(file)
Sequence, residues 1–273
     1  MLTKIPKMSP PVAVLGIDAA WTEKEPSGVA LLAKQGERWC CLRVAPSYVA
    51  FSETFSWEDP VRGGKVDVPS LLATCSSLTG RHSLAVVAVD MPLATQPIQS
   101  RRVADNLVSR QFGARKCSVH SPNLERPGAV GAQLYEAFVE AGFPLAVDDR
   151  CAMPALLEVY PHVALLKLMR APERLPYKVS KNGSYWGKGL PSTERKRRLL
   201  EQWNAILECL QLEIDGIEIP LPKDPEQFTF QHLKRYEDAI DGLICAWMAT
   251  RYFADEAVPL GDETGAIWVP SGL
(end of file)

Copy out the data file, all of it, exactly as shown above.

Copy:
Sequence, residues 1–273
     1  MLTKIPKMSP PVAVLGIDAA WTEKEPSGVA LLAKQGERWC CLRVAPSYVA
    51  FSETFSWEDP VRGGKVDVPS LLATCSSLTG RHSLAVVAVD MPLATQPIQS
   101  RRVADNLVSR QFGARKCSVH SPNLERPGAV GAQLYEAFVE AGFPLAVDDR
   151  CAMPALLEVY PHVALLKLMR APERLPYKVS KNGSYWGKGL PSTERKRRLL
   201  EQWNAILECL QLEIDGIEIP LPKDPEQFTF QHLKRYEDAI DGLICAWMAT
   251  RYFADEAVPL GDETGAIWVP SGL